RVB: 00:03:40.787 [crosstalk]. Yeah. That's a great intro here. And I think kind of the first thing that we should really have a think about is, who do we present this to? Right? We often start our graph conversations with technology people, but I guess there's lots of other people involved. Right? And we need to think about that.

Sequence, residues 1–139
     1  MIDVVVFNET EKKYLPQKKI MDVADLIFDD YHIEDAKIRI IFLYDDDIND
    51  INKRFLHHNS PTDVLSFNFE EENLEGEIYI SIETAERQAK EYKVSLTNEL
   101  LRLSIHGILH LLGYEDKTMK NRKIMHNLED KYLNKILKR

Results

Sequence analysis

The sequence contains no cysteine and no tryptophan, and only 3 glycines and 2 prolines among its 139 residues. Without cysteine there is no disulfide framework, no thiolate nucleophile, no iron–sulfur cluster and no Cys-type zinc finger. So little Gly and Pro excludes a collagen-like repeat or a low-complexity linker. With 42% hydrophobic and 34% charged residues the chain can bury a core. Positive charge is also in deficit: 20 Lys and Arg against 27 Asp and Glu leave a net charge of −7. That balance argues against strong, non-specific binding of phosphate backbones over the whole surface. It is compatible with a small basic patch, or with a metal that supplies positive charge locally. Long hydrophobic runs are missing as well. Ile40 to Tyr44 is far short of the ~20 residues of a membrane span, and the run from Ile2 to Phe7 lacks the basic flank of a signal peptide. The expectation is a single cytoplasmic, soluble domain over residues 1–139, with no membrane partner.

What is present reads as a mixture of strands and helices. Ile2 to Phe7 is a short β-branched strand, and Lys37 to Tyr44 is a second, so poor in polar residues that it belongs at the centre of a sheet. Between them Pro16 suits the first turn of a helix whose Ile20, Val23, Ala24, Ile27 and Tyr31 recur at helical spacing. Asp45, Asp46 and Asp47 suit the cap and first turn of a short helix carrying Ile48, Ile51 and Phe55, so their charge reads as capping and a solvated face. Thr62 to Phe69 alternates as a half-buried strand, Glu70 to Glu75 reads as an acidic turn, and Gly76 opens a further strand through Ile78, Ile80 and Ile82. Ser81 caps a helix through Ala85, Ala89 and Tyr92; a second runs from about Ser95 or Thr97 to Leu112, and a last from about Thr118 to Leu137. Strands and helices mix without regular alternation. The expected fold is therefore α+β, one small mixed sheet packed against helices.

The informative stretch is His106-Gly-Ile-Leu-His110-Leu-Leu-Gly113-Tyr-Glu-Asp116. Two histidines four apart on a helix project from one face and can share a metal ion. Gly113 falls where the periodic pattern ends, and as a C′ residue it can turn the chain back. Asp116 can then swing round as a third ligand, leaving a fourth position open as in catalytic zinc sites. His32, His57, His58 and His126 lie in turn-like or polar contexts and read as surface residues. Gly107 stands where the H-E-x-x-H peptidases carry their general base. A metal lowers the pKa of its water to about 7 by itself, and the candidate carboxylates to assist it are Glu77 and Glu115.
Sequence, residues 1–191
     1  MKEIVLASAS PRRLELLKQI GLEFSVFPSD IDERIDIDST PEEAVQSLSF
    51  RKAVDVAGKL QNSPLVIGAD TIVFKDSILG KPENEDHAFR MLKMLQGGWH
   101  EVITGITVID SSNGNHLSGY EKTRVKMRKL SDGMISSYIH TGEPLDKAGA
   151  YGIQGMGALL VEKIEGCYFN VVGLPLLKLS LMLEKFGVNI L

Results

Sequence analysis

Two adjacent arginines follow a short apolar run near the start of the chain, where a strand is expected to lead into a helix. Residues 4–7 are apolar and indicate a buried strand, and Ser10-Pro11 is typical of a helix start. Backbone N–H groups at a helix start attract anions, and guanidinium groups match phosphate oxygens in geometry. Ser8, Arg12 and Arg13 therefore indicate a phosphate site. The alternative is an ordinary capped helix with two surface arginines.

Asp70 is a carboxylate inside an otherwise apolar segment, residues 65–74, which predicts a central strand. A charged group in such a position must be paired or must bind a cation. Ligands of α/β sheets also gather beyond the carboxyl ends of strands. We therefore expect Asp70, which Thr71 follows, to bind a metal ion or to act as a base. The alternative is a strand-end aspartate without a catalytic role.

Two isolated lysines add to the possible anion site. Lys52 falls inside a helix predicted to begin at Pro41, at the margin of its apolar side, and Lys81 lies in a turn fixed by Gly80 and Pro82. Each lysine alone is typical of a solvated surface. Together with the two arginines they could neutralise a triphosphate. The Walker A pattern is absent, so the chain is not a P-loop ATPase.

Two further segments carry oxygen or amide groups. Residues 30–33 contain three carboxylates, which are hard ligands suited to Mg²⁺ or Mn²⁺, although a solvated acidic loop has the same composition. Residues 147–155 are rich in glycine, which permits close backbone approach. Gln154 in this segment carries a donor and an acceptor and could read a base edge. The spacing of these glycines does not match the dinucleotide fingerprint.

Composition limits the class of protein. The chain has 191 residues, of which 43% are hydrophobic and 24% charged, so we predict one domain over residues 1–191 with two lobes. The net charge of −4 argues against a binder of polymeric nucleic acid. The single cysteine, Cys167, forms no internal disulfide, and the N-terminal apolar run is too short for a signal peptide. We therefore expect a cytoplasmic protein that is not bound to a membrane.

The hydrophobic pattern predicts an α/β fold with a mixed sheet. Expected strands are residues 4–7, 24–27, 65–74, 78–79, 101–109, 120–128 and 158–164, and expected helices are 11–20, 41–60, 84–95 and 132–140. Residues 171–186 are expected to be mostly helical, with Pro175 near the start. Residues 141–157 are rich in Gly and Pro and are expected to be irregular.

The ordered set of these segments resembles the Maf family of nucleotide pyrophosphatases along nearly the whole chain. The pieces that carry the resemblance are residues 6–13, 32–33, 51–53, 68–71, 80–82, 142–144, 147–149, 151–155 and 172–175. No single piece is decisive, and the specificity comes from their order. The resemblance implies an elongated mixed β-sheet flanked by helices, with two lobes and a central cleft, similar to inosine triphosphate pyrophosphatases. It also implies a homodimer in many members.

SW: 00:04:05.161 Yeah. Yeah, totally. It's such an important part. Very often it's a game of perspective. Right? It's all about perspectives. That's what I see. So obviously we are a tech company. I mean, usually then in our case, we work with data. Right? So we understand that it's a data and technology perspective, obviously. But if we don't make the money, that's what this is about, the value [inaudible] kind of part. Right? That's also interesting, and that comes from the business side of this. Right? What are they looking for? And then we have, how innovative is this? How kind of groundbreaking is this? How will this actually affect the end consumer or the user of the tool? Right? How does this change the game? And if we've covered those kind of angles, usually that's a very good way. It's very easy to think about that we're just going to do technology or technology and business. But if we forget about people, usually it doesn't fly. We have all been part of when the CEO bought a new software and tried to smash it to people. Emil wouldn't do that. He's a nice person. But in all my previous companies, that has happened, and we know exactly how people react when somebody do their thinking for them. Even if they're right, you're not going to like it.